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The number of obese adults has gone up in India from 24.1 million in 2012 to 32.8 million in 2016. Pixabay

More Indians are getting fatter but fewer are undernourished as the nation goes from lessening the impact of hunger to developing the new health issue of obesity, according to the Food and Agriculture Organisation.

The number of obese adults has gone up in India from 24.1 million in 2012 to 32.8 million in 2016, according to The State of Food Security and Nutrition in the World 2019 report released on Monday.

Meanwhile, there was a drop in the number of undernourished Indians from 253.9 million in 2004-06 to 217 million in 2010-12, and 194.4 million in 2016-18, according to FAO reports.

The number of Indian children under five years who were overweight was 2.4 million last year, while 46 million were stunted, according to the report.

Indians, Fatter, Undernourished
More Indians are getting fatter but fewer are undernourished as the nation goes from lessening the impact of hunger to developing the new health issue of obesity. Pixabay

Globally the number of obese adults has gone up from 563.7 million in 2012 to 672.3 million in 2016, the report said.

FAO Director-General Jose Graziano da Silva said at the news conference releasing the report that obesity was a growing problem worldwide, becoming almost an epidemic especially among children. The globalcosts related with the problems associated with obesity is about $2 trillion, almost as much as the price tobacco exacts in health and other costs, he said.

He said countries will have to control the obesity problem through taxation of sugar, fat and salt, providing healthier foods, and ensuring that consumers get the right information about food products.

Children should be given fresh food and healthy breakfasts instead of cereals with high sugar content, he added.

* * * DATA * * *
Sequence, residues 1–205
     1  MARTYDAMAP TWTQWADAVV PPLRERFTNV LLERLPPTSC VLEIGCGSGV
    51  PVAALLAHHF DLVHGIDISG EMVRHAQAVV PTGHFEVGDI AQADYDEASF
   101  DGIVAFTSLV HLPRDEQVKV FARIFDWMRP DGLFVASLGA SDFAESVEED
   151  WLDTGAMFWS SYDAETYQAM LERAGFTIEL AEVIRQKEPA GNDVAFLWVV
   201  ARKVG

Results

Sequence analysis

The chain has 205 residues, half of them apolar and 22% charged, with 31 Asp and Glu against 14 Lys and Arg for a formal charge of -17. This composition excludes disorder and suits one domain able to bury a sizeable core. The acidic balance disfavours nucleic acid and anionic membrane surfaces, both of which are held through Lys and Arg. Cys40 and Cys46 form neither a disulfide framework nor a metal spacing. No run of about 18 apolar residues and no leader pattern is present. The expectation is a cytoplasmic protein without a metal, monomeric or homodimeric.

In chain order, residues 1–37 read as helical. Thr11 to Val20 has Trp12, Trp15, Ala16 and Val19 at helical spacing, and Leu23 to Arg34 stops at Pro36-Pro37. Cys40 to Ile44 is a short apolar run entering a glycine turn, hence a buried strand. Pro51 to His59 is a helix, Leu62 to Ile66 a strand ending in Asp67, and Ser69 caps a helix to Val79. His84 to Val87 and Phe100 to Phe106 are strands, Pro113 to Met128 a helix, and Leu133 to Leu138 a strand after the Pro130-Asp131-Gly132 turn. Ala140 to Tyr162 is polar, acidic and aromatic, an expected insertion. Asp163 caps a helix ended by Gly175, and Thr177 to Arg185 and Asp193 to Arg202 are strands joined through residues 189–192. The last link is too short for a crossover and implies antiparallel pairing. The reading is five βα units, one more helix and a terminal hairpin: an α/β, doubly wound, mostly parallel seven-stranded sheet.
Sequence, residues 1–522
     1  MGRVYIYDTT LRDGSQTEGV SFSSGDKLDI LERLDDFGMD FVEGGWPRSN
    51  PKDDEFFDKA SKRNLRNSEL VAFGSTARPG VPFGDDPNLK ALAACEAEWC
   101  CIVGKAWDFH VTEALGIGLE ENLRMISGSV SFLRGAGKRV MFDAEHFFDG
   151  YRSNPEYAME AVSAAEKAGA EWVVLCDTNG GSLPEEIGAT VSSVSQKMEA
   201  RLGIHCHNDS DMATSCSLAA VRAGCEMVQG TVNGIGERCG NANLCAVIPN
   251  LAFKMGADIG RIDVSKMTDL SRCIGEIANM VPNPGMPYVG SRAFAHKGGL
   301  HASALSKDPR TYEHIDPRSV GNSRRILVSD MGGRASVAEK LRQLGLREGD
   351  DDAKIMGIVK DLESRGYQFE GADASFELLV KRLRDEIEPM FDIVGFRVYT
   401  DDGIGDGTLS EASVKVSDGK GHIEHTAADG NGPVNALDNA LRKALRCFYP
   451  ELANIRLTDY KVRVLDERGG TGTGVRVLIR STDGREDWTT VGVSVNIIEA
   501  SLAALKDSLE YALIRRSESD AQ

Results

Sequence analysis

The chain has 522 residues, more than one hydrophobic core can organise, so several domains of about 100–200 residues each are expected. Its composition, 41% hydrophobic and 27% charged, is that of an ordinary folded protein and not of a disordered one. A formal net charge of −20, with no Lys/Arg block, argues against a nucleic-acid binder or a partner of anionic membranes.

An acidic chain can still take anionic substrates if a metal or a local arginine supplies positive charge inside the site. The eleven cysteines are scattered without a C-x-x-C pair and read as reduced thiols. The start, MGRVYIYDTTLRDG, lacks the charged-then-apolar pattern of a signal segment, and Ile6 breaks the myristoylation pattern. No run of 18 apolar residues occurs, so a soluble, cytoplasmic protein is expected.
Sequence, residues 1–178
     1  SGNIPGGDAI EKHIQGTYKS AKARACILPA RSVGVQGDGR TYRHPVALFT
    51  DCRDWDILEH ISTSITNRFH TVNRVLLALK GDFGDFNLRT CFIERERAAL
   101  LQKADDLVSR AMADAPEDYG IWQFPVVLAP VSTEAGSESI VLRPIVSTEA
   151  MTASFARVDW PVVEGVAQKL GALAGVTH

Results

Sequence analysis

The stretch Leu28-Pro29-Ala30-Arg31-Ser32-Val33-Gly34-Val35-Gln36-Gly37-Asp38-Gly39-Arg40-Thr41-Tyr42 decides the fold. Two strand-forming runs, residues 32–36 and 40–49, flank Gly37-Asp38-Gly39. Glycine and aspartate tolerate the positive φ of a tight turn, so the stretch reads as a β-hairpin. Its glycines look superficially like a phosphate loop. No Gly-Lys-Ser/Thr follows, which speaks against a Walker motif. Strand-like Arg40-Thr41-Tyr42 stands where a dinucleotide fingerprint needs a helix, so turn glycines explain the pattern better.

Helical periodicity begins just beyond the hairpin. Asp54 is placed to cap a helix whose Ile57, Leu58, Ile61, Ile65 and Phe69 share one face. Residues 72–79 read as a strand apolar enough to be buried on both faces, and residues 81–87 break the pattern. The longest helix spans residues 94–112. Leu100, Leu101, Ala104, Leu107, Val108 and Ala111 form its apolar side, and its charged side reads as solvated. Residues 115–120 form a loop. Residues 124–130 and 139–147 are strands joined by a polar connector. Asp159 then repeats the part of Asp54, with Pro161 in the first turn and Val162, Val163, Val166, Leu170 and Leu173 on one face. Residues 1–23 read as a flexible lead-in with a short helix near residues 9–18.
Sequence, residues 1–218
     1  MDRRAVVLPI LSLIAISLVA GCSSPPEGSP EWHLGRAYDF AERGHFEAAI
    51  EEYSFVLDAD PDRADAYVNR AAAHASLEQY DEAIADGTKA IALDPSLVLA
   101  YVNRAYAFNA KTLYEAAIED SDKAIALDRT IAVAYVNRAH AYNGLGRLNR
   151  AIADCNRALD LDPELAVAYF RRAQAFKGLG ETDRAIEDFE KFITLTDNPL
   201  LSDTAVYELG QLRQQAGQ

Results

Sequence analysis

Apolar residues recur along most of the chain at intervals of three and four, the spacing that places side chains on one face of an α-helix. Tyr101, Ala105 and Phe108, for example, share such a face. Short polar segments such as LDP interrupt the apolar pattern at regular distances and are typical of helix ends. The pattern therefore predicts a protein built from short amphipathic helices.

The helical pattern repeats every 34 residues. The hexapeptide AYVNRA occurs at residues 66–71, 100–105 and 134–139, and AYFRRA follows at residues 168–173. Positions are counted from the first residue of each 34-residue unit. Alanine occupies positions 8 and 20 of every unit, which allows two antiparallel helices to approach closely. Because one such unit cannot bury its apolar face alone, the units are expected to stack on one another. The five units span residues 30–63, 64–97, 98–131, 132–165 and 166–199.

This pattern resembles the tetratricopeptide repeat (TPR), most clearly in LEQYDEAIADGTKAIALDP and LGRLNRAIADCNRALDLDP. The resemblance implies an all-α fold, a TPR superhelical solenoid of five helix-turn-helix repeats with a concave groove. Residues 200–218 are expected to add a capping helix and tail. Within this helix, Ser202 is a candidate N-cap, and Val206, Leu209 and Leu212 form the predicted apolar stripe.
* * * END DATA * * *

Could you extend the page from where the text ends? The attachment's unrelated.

Also Read- Researchers: Video Games can Help Children Evaluate, Express and Manage Emotions

The report said that an increase in the unemployment rate in India has possibly increased food insecurity, which is lack of consistent access to food with people being forced to reduce at times the amount they consume.

Food insecurity has increased in Southern Asia “from less than 11 per cent in 2017 to more than 14 per cent in 2018”, the report said. “This possibly reflects an increase in the unemployment rate in India between 2017 and 2018”.

“In the Indian Himalayas, economic slowdown coupled with natural resource depletion and climate change negatively impacted on food production and employment opportunities. This resulted in increased threats to food security due to lower purchasing power,” it added.

The number of undernourished people around the world has come down from 947 million (14.5 per cent of the global population) in 2005 to 821.6 million (10.8 per cent) last year. But it has been rising slowly since 2010, when it was down to 785.4 million (10.6 per cent), mainly because of the situation in Africa. (IANS)